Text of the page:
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Palm oil is the most traded vegetable oil worldwide, and is commonly used as an ingredient in a variety of consumer goods. Most of global production comes from Indonesia and Malaysia, where increased demand for palm oil has led to the expansion of palm oil plantations, in turn resulting in the clearing and destruction of rainforest. This deforestation has created significant challenges related to greenhouse gas emissions, wildlife and human rights.
Since 2008, the Orkla companies have taken significant steps to reduce their use of palm oil and support the certification initiatives organized by the multi-stakeholder organization Roundtable on Sustainable Palm Oil (RSPO). To achieve sustainable production of palm oil, it is necessary to solve complex environmental, social and governance challenges that require the collective efforts of producers, traders, buyers and governments. In 2015, Orkla joined the RSPO as a Group member because we see the RSPO as an important initiative which brings together industry, civil society and local governments in a joint effort to make sustainable production the norm for the palm oil sector.
We want to do our utmost to protect the rainforest, prevent violations of human rights and ensure compliance with other ethical requirements in the palm oil supply chain. Therefore, we have clear time-bound commitments for Orkla’s sourcing of palm oil.
Orkla is committed to breaking the link between our products and tropical deforestation.
We will replace palm oil with alternatives that are better from a nutritional perspective and support the development of certified, sustainable palm oil. We will work towards achieving a traceable supply chain where palm oil is sustainably produced. All palm oil sourced by Orkla shall be produced in accordance with the following principles:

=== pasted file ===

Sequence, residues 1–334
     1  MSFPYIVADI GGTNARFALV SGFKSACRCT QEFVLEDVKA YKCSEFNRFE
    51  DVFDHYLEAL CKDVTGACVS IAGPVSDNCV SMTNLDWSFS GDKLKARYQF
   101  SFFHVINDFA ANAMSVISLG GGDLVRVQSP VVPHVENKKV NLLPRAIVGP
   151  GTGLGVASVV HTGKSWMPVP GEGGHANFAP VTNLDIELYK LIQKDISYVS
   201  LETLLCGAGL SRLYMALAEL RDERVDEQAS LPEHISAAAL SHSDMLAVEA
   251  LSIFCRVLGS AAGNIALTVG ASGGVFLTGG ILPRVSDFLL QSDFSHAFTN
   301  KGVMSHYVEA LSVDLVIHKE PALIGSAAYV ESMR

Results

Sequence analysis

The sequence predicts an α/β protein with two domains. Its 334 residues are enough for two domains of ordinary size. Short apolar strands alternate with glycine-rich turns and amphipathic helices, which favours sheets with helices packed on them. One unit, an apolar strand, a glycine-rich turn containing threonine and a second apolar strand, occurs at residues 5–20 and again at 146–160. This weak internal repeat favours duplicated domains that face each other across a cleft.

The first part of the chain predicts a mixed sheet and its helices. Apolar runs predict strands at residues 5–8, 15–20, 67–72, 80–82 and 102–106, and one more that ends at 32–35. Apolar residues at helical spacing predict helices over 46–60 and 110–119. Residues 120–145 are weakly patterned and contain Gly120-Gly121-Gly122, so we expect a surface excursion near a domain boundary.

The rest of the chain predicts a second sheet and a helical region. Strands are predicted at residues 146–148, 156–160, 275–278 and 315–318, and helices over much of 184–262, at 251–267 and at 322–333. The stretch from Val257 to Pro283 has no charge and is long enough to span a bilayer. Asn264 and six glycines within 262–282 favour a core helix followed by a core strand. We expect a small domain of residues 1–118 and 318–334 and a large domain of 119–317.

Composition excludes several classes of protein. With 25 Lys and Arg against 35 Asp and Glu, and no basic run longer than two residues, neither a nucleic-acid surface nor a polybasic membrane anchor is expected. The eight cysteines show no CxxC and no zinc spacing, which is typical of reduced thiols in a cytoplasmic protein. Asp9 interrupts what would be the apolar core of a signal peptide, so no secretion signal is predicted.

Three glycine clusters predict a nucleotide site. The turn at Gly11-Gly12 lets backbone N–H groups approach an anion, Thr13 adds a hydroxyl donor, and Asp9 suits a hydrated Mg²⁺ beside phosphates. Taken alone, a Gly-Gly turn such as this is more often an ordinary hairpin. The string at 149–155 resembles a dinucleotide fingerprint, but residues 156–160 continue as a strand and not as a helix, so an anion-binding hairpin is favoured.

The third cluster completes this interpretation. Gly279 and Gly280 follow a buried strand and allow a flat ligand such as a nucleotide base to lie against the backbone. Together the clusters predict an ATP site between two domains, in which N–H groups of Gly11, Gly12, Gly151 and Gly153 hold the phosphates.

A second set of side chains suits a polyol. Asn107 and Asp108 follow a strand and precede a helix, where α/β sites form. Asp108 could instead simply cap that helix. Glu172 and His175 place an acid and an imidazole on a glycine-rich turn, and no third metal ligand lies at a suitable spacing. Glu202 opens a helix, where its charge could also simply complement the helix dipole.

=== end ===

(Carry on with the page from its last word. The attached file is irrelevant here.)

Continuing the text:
- No tropical deforestation:
- Rainforests shall be preserved
- Forest areas of high carbon value and high conservation value shall be protected
- Farms and plantations shall comply with local laws and strict criteria for sustainable production
- Protection of peat land:
- Peat lands shall not be used for the cultivation of palm oil
- Existing plantations on peat land shall observe best management practices with regard to protecting the environment and workers’ health and safety
- Respect for human and workers’ rights:
- The interests and rights of local communities affected by palm oil cultivation shall be protected in accordance with local and international law, such as ILO Convention 169 and the UN Declaration on the Rights of Indigenous Peoples
- Cultivation of palm oil shall be carried out with respect for human and workers’ rights and otherwise in compliance with the ethical requirements set out in the Orkla Supplier Code of Conduct
We will support the work of the RSPO and increase the uptake of RSPO-certified oil. We will also actively engage in dialogue with suppliers and other relevant stakeholders to promote best practice and report on progress in a transparent manner.
Some Orkla companies manufacture products on behalf of other companies. We will invite these customers to join us in our efforts to secure a sustainable palm oil supply chain.